Cancer survivorship means different things to different people
The National Coalition of Cancer Survivors says everyone who has been diagnosed with cancer is a survivor from that day forward. Family, friends and caregivers -- are also considered survivors.
Cancer to 5K provides a community of support for cancer survivors through a free 12-week training program. The team will practice twice a week, one weekday and one weekend day, for 12 weeks.
Regardless of age, treatment status, or physical ability, survivor participants run/walk alongside coaches & volunteer “sherpas” with the ultimate goal of completing a 5K goal race. While everyone’s cancer journey is different, many individuals can benefit from a weekly exercise routine.
The program starts June 25, 2023. Registration is required.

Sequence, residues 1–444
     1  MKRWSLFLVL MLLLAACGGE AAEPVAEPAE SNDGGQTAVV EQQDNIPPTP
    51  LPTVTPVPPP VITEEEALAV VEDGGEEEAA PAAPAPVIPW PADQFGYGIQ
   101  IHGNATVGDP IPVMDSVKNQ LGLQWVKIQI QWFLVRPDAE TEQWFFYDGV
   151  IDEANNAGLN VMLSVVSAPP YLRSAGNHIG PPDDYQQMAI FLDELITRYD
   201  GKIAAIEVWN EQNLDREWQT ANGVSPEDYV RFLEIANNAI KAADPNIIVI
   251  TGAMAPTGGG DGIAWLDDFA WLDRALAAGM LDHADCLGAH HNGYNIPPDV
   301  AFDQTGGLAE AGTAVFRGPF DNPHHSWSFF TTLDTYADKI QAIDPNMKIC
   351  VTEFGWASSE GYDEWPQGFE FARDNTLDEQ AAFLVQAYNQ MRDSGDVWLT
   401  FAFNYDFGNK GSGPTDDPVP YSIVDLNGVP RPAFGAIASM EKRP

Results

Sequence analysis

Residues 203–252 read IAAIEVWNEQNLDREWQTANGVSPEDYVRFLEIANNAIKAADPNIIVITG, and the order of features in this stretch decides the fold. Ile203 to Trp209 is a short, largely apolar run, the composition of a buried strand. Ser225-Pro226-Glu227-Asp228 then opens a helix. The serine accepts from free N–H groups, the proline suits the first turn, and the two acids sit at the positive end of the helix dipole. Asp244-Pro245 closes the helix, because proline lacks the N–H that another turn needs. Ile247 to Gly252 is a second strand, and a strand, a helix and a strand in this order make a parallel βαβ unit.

Learn more at the Cancer to 5K on the Ulman Foundation site.
One of the hardest things after treatment is not knowing what happens next. People who have finished their cancer treatment often describe the first few months as a time of change. This Survivorship section of the Rogel Cancer Center website, is intended to help you know "what's next." And what's next is finding out what's normal for you now.
Your new normal may include:
- Making changes in the way you eat and what you do
- New or different sources of support
- Permanent scars on your body
- Not be able to do some things you used to do more easily
- New routines
- Emotional scars
Continue reading to learning about: